Keeping Rocky Linux up to date is crucial to maintaining optimal security, stability, and performance of your distribution. These updates ensure that you have the latest technology and solutions to keep your server secure against various threats and vulnerabilities. Any given update may include improvements in the following areas.
- Security: Many updates include patches that will enhance your security by addressing known vulnerabilities, strengthening the security posture of your server, or reducing the risk of unauthorized access and system compromises.
- Bug Fixes: Bugs can lead to system crashes, unexpected behavior, or even data corruption. With each update, developers from the Rocky Linux community work to identify and fix these bugs, improving the overall stability and reliability of the system.
- Performance Optimization: Updates often include performance improvements, optimizations, and enhancements to your Rocky Linux system. These improvements result in faster execution times, reduced resource usage, and improved responsiveness.
- Compatibility: Compatibility is crucial when switching from other Linux distributions like Red Hat Enterprise Linux (RHEL) or CentOS to Rocky Linux. Rocky Linux is a community-driven distribution that’s built on RHEL’s source code and aims to maintain binary compatibility with RHEL. This means that applications and packages developed or tested on RHEL or CentOS should work smoothly on Rocky Linux without any issues.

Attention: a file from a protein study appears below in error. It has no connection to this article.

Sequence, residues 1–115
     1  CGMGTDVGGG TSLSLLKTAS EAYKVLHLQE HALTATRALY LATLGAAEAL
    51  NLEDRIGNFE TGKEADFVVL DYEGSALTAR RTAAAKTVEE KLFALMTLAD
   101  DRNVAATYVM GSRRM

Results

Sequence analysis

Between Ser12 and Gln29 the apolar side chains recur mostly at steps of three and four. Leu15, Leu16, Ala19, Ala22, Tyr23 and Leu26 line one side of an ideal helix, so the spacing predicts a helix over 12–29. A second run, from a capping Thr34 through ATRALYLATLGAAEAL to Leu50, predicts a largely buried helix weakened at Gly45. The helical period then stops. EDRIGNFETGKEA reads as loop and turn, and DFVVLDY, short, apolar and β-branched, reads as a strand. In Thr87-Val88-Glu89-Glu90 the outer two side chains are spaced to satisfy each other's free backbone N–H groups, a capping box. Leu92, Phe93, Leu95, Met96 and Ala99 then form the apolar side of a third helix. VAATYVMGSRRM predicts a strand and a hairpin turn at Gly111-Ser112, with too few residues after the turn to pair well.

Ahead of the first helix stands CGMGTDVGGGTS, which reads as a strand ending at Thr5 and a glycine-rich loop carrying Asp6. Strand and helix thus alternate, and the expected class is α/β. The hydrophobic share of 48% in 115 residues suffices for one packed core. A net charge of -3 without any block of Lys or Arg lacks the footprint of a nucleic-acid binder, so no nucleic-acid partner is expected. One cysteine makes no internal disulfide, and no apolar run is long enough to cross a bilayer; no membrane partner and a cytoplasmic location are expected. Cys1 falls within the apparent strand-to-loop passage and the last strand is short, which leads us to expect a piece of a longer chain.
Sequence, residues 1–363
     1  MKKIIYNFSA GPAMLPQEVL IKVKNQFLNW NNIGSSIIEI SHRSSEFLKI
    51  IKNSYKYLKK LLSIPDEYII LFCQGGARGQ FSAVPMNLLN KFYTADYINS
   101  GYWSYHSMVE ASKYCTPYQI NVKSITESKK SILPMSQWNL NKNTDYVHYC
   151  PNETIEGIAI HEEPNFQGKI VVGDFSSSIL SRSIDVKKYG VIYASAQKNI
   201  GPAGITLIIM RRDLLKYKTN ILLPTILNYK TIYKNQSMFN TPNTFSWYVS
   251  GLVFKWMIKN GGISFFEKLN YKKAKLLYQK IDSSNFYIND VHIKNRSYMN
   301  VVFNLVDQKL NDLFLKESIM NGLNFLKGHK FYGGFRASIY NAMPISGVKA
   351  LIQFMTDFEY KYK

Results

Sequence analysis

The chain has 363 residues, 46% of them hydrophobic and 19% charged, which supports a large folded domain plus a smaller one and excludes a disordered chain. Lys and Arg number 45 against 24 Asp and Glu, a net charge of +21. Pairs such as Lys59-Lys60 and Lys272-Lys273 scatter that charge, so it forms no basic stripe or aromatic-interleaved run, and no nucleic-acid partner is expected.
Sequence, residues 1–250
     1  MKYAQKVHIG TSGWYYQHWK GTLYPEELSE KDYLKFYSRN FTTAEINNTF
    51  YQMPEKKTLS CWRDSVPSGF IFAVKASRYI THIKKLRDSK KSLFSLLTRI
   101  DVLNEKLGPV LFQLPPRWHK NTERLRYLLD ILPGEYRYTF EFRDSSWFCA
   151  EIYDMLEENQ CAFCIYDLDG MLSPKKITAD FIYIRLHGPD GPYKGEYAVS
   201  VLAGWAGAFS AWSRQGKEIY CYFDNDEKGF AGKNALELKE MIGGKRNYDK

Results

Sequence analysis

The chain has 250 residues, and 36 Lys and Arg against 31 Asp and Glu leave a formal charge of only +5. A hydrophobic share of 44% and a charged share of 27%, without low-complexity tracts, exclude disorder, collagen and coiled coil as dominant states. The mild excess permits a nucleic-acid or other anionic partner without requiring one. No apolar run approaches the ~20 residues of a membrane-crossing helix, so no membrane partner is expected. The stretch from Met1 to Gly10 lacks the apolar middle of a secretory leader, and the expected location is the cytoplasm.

How to keep your Rocky Linux Up to Date
Keeping a Rocky Linux server up to date is essential for maintaining optimal security, stability, and performance. In this tutorial, we will explore the best practices to ensure your system is regularly updated, providing you with the latest bug fixes, security patches, and feature enhancements.
Step 1: Log in to your Rocky Linux system
First, make sure that you have a terminal or SSH client installed on your local machine. If you’re using Linux or macOS, you can use the built-in terminal application. For Windows users, you will most likely use the Putty SSH client.
Open the terminal and type the following command replacing username and server_ip_address with your own:
If it’s your first time connecting to the server, you will see a security warning about the authenticity of the host. You can verify authenticity by typing ‘yes’ in the terminal.
Then, enter the password so you can log in to the system:
Step 2: Enable automatic updates
In Rocky Linux, the package manager dnf offers two primary methods for performing a comprehensive system upgrade.
The first method is by using a utility called dnf-automatic, designed to automate the installation of security patches and other crucial upgrades for your server. To install this tool, you can utilize the dnf package manager with the appropriate command.